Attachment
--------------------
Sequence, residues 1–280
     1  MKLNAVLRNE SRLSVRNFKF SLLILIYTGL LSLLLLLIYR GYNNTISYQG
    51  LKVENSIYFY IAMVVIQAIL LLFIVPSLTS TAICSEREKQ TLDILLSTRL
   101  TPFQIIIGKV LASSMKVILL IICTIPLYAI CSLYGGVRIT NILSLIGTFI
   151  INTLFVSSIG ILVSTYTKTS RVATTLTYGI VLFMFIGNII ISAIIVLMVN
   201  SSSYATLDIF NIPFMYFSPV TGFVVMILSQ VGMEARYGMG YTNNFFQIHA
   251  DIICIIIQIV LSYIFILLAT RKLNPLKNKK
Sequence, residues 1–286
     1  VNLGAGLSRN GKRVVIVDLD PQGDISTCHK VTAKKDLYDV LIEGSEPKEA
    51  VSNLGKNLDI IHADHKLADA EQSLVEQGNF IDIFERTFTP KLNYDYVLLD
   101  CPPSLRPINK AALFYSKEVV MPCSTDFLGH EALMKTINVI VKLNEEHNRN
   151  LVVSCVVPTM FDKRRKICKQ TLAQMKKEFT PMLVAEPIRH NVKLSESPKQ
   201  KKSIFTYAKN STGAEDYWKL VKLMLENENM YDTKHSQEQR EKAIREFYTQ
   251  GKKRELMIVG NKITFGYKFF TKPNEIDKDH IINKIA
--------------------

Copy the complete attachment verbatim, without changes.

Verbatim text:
Sequence, residues 1–280
     1  MKLNAVLRNE SRLSVRNFKF SLLILIYTGL LSLLLLLIYR GYNNTISYQG
    51  LKVENSIYFY IAMVVIQAIL LLFIVPSLTS TAICSEREKQ TLDILLSTRL
   101  TPFQIIIGKV LASSMKVILL IICTIPLYAI CSLYGGVRIT NILSLIGTFI
   151  INTLFVSSIG ILVSTYTKTS RVATTLTYGI VLFMFIGNII ISAIIVLMVN
   201  SSSYATLDIF NIPFMYFSPV TGFVVMILSQ VGMEARYGMG YTNNFFQIHA
   251  DIICIIIQIV LSYIFILLAT RKLNPLKNKK
Sequence, residues 1–286
     1  VNLGAGLSRN GKRVVIVDLD PQGDISTCHK VTAKKDLYDV LIEGSEPKEA
    51  VSNLGKNLDI IHADHKLADA EQSLVEQGNF IDIFERTFTP KLNYDYVLLD
   101  CPPSLRPINK AALFYSKEVV MPCSTDFLGH EALMKTINVI VKLNEEHNRN
   151  LVVSCVVPTM FDKRRKICKQ TLAQMKKEFT PMLVAEPIRH NVKLSESPKQ
   201  KKSIFTYAKN STGAEDYWKL VKLMLENENM YDTKHSQEQR EKAIREFYTQ
   251  GKKRELMIVG NKITFGYKFF TKPNEIDKDH IINKIA